It is simply naïve to believe that you can move a product into China with a Western price point, and perform well. And if you simply move in with your standard, one-size-fits-all branding then failure is almost inevitable. Experience shows that many Western brands do not cross the cultural divides.
The language barrier is the first obstacle to overcome. Western languages codify words in written script whereas each Chinese character represents a word. So any brand moving into China has to decide how it will be rendered in Chinese—both phonetically and visually.
According to Bing Ho and Hal Fiske of Baker & McKenzie, about half of the foreign brands used in Chinese-speaking jurisdictions are translated phonetically, half conceptually. Phonetic transliterations include Louis Vuitton ("lu yi wei den”) and Nokia ("nuo ji ya"). Shell and Nestlé, meanwhile, have opted for literal translations of their names: "bei ke" (a shell) and “que chao" (a swallow's nest) respectively.
The best renderings, however, are those that marry the two approaches together, and Coca-Cola's choice of “ke kou ke le"is perhaps one of the best examples. In the early days shopkeepers would use any characters that gave a close phonetic approximation to “Coca-Cola.” Thus resulting in an oft-told story of Coke’s early translation problems. Today, the consistent use of “ke kou ke le" ensures that (in Mandarin at least), consumers understand Coke to “permit the mouth to rejoice.”
Big brands like Coca-Cola have to choose their Chinese name with care. “Five years ago, so long as the name sounded OK, it didn't matter that much,” says Mark Kennedy. “Now you have to have a name that works visually, phonetically, and means something too.”
But a name is only the beginning. Marketing and advertising is equally tricky in the Chinese market. You may have a thoroughly researched brand strategy for Western markets, you may know your positioning and your key messages, but there is no guarantee that any of it will work in China.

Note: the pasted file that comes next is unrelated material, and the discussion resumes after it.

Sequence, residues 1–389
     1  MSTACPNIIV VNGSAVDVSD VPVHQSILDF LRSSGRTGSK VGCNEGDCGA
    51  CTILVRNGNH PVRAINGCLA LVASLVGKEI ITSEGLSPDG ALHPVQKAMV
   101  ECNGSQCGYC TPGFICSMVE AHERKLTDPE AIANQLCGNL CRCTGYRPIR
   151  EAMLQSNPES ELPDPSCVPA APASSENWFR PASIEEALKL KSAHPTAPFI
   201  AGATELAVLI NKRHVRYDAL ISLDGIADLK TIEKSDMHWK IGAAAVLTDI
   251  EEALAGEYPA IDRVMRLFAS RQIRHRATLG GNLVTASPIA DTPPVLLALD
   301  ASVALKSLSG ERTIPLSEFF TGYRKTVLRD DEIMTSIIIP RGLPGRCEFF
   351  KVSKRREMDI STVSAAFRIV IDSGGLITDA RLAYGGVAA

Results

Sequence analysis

“In terms of messages, some Western brands make the mistake of addressing personal or individualistic things in their promotions,” notes Fuchs. “But the Chinese think in terms of community. They look at group issues; they see themselves as members of a group.
“Chinese society is a relationship society. The Chinese are not so easy with big bang advertising. They listen to recommendations, and emotional appeals. They are phenomenal readers and talkers and branding works well using word of mouth. Brands therefore must tell a story and have a strong identity and history.”
Basically, a global brand strategy must be tweaked and adjusted for China. If your target market in the West is the 25-year-old college graduate, there's no reason to think that a 25-year-old graduate in Shanghai would be at all similar. Furthermore, a graduate from Shanghai may have a very different view on life from a graduate in one of China’s smaller inland cities.
“People have little understanding of what China is,” says Mark Kennedy. “They think Shanghai equals China, but this is far from the case. China is a huge landmass. Beyond Shanghai, Beijing and the developing east coast, cities have limited infrastructure—this is still an emerging market.”
Most companies launch in eastern coastal towns (usually Shanghai), hoping for some sort of halo effect. They use the cities as a showcase, and as these markets become saturated the idea is to move to secondary and tertiary cities. What they do not allow for is the vast contrast in language, culture, tastes and attitudes between the different regions of the country.
“There is no such thing as a Chinese consumer,” Kennedy warns. “Proper research is paramount.”
Fuchs echoes this call. “This is where people have gone wrong in the past. Market research is very underdeveloped in China—you just don't have the facts, figures and consumer insights. And most of the official facts and figures are inaccurate so you cannot trust published data. You've got to do lots of original research.”
The end result of the branding exercise (the look and feel) may not resemble the brand in other countries, but how you get there should not change. The fact that the market is developing is no excuse for shortcuts.
It is important that companies quickly learn to get their branding right, for competition is increasing fast. Choice is exploding and the brand will quickly become the main differentiator. Joseph Wang of Ogilvy & Mather in Beijing puts it thus: “China is like a child that has had no toys,” he says, “then suddenly the world's biggest Toys R Us opens up round the corner. There's a tendency to overdose at the moment, but they are learning fast. The consumer is becoming more demanding and brands must be able to meet their desires.”